Stunning sunsets, open forests and a ton of broken clay pigeons seem to be the defining traits for the College of William and Mary’s Clay Target Club. The Clay Target Club is an association dedicated to teaching and promoting the sport of clay pigeon shooting to nearly 100 participating students. Founded in 2018, the club, formerly known as the Rod and Gun club, began to make its rise as an inclusive club hoping to popularize recreational and safe skeet shooting, a sport in which participants fire shotguns at moving clay targets, on campus.
The origins of the sport can be traced back to late 18th century England, where players would shoot down live pigeons released in timed increments from sliding cages. Luckily for the feathered critters, the birds were replaced with clay disks in the 19th century — although the name remains symbolically. Nowadays, clay pigeon shooting requires participants to shoot down circular saucers that are launched out from ‘trap houses.’ With an assortment of clay disks, shotguns and challenges available to explore, including the unique “rabbit” shoots, where the disks are rolled instead of shot up, members of the Target club are certain to never grow tired of the sport.
The club hosts bi-monthly trips to local shooting ranges, allowing both experienced members and newcomers to test their clay target skills under the supervision of a licensed professional shooting coach.
“We meet with the instructor, whatever range we’re going to,” club member Quartz Drucker ’23 said. “And he helps the newer shooters sort of train, get their position, get their form right. And then, if the group is large enough to have two groups, the more experienced shooters will go and run their own courses.”
Once on the course, experienced members are brought through a series of different target setups and types of shooting. These exercises range from the classic skeet shooting to the newer and more complex ‘wobble trap’ — a version of skeet that involves rotating shooting locations, with five clay disks fired out from several stations. The variety of setups encourage players to shoot clay targets launched from different speeds and angles, using shotguns loaded with birdshot. The guns used by the club come from the members themselves or the club’s professional coach and all weapons are held and handled off-campus.
“We have a decent amount of people that have a very limited amount of experience,” Clay Target Club President Aubrey Bouchoux ’23 said.
“If you have good eyesight and are able to aim the shotgun, it’s really just about practice,” Joanie Sceppa ’23, another club member, said. “Obviously there are people who have been doing it for longer and have had a lot more practice and are a lot better at it. But there is not a single person there who is just born better at it.”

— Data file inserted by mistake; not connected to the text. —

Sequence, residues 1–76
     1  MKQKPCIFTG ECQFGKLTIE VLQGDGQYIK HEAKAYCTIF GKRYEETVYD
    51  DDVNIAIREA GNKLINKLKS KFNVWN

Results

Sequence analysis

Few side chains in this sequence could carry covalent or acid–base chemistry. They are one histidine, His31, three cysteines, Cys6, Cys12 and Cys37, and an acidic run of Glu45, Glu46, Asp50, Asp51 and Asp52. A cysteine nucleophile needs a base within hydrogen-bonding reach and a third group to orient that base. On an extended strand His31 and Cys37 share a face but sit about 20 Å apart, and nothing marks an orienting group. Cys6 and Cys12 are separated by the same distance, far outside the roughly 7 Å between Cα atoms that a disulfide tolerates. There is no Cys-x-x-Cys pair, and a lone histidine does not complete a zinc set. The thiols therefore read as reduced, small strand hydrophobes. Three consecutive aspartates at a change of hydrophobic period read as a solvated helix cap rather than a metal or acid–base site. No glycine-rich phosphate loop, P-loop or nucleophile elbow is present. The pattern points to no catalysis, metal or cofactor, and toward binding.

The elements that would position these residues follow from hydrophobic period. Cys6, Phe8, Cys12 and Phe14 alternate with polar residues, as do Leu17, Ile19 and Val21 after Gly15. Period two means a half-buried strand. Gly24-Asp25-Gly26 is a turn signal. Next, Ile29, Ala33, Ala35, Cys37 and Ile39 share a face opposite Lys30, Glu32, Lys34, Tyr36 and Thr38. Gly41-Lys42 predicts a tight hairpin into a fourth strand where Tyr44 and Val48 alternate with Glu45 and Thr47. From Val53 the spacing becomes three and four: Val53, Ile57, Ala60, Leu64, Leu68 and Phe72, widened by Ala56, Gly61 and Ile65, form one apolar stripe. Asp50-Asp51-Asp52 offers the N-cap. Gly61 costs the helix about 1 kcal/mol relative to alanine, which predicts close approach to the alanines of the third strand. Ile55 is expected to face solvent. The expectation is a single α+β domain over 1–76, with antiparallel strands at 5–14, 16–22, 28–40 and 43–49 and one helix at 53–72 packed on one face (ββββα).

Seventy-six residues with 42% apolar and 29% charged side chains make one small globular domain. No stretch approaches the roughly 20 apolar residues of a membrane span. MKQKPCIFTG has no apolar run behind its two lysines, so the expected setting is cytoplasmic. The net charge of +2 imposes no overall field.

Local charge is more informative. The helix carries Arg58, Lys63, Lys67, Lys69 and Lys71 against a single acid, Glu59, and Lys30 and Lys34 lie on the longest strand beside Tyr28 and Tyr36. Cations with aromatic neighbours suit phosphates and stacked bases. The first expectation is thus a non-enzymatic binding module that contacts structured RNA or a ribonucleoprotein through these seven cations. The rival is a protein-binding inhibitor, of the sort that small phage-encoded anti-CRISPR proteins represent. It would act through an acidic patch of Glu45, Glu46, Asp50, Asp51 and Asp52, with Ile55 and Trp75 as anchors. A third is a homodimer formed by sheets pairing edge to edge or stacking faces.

Members of Clay Target agree that the sport is very easy to progress in, even if you cannot make it to every practice since the sport is centered around accuracy, not strength. Breaks throughout the shoot are encouraged, and members will often move to easier targets to get their morale back up.
“Every time you miss, the coach tells you, ‘Okay, this is what you did wrong, here’s how we fix it for next time,” Sceppa said in regards to how constructive criticism helps members actively improve.
With around 15 to 20 students attending these individual shoots, the opportunity to learn from fellow members is especially significant.
“I’ve seen so much improvement, and I think even people who come out for the first time, they can see themselves improving just even in one session,” Sceppa said.
The club seems to prioritize creating safe spaces in a sport not traditionally perceived as open to people of all backgrounds.
“I think a lot of gun culture has a machismo problem, but I don’t really feel that Clay Target does,” Drucker said. “You have to make a process of making a space and ensuring that space is comfortable. And I think that’s being done. I don’t see a lot of toxic behavior in the club. And I think that’s really good because it provides a comfortable space for people who are just curious about the sport.”
In terms of plans for the future, the College’s Clay Target Club is hoping to expand its membership base and hopefully competition roster to rival the well-established teams of other regional universities, such as Virginia Tech.
“We haven’t had the opportunity to host any events because it turns out trying to host a shooting event-tournament-fundraiser type of thing is actually kind of hard,” Bouchoux said.
However, Bouchoux hopes to increase fundraising in order to pay for future equipment and tournament expenses. Currently, the range trips are priced at around fifteen dollars for each member, including the costs for equipment and range use.
“I think if you have curiosity about it, you should join,” Drucker said on why prospective members should take the leap. “And if you have anxiety about it, you should look into it because I think that it could be a good way to get more comfortable with the sport.”